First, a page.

Monty’s voice shines through in the writing, making this 500-page novel fly by. Also, the fact that Monty ends up in almost non-stop escapades definitely helps make it a book that’s difficult to put down. From England, to France and beyond their adventures and the mystery they uncover often verges into the absurd but it’s all told with such charm and wit that it ends up being quite brilliant. Along with all the excitement and threat of danger, there’s still quieter moments between the characters that show they aren’t necessarily cut out for this kind of thing but being together makes them stronger and better.

The Gentleman’s Guide to Vice and Virtue is a great historical adventure story with a bisexual main character, an engaging romance and a colourful cast of characters. 5/5.

READ THE WORLD – Germany: Sirius by Jonathan Crown

In Berlin, he was named Levi – a good Jewish name for a good Jewish dog. When he fled with his owners to America he became Hercules, Hollywood’s famous acting dog. Then he caught the eye of Hitler he was renamed Hansi. But to the Resistance he was known as Sirius, the dog on the inside who could bring peace to a world at war. No matter the name, he’s a little dog who almost changed history.

Sirius is a historical novel that’s mostly told from the point of view of the titular dog. He is the focal point of much of the action, it’s through his eyes the reader see’s major events like Kristallnacht, so there’s often this distance between the action and what it really means as while Sirius is smart, he’s still just a dog who doesn’t understand what’s happening. The story also follows Sirius’s human family, the Liliencron’s, so the more emotive stuff comes from them as they flee Germany and make new lives from themselves amongst famous face of Hollywood’s golden age.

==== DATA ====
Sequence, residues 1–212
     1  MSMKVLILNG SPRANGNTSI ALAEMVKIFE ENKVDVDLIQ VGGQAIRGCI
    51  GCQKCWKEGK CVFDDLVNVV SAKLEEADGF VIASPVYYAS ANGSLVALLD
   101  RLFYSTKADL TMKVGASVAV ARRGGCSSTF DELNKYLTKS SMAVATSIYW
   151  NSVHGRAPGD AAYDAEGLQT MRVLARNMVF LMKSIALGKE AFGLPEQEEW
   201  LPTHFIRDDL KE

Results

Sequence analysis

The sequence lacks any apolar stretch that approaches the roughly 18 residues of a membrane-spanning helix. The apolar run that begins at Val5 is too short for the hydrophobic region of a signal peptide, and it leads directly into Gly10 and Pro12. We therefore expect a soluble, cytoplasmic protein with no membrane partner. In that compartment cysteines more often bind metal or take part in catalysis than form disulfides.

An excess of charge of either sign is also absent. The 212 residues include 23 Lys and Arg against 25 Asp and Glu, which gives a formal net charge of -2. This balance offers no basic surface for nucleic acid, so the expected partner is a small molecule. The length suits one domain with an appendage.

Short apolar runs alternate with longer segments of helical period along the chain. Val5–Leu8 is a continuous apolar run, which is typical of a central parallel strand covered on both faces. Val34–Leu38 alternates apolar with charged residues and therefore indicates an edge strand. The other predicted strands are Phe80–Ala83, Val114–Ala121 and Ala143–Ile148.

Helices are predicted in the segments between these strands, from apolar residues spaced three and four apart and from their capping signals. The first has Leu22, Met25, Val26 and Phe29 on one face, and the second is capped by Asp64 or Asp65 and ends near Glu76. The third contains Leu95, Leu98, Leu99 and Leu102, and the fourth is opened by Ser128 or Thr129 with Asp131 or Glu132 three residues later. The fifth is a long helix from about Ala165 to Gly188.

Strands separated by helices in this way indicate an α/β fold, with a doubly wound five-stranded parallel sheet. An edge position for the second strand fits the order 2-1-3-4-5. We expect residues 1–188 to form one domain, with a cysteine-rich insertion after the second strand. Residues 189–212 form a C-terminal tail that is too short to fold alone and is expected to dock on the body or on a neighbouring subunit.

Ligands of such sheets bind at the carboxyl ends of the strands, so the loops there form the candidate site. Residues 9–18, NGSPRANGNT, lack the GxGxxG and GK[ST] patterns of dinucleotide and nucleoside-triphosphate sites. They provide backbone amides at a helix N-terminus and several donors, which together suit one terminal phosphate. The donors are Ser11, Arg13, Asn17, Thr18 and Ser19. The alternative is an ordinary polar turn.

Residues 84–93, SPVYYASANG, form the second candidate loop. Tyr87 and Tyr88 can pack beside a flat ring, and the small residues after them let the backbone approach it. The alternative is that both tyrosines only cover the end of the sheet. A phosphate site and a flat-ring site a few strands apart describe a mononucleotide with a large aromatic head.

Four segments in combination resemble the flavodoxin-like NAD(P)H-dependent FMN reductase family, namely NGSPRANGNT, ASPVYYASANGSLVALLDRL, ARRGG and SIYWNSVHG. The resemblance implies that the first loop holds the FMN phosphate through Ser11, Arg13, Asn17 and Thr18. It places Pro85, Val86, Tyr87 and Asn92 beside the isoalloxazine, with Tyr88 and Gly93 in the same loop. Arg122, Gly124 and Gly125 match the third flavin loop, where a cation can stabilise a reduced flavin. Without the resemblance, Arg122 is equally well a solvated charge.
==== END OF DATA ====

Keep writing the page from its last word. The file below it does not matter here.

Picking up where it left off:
Sirius is written in a simple language style and is a very quick and easy book to read that’s got some humour in it. Having a dog being the main character makes this book have an unusual take on historical events. It’s one of those stories where you wonder where the fiction ends and the fact begins due to Sirius meeting so many real people from Hollywood executive Jack L. Warner to Adolf Hitler. There’s some things I know cannot be true and Sirius and his human family have been dropped into a real moment in time, where there’s other parts that seem almost plausible.

The main problem I had with Sirius is that I didn’t really connect with characters. Maybe it was because of the writing style but there was this distance between the characters and myself as the reader. I was interested in Sirius’s adventures to an extent but it wasn’t really a book I felt compelled to keep reading.

If you’re a dog lover (I am and that’s the main reason I picked up this book in the first place) and someone interested in a different kind of story set during World War Two then give Sirius a go.

REVIEW: Hood by Stephen R. Lawhead

FullSizeRender (80)Bran’s father the king has been killed and while he is heir to the throne, the invading Frenic have set up their own ruler of Elfael. Forced to run in order to survive Bran must decide whether he wants to continue running or stop and help his people take back what is rightfully theirs. All the while the legendary King Raven has returned and is haunting the woodlands.

Hood is a retelling of the legend of Robin Hood. Bran is this tales Robin and he is not the most likeable character to begin with. He’s never wanted to be King and all he wanted was to escape and leave the problems of Elfael behind. He doesn’t even really care for his people to start with. It’s Angharad, an old wise woman who knows the way of magic and healing who helps him find his path. Angharad is pretty awesome. She’s wise, mysterious and knows more than she should. (more…)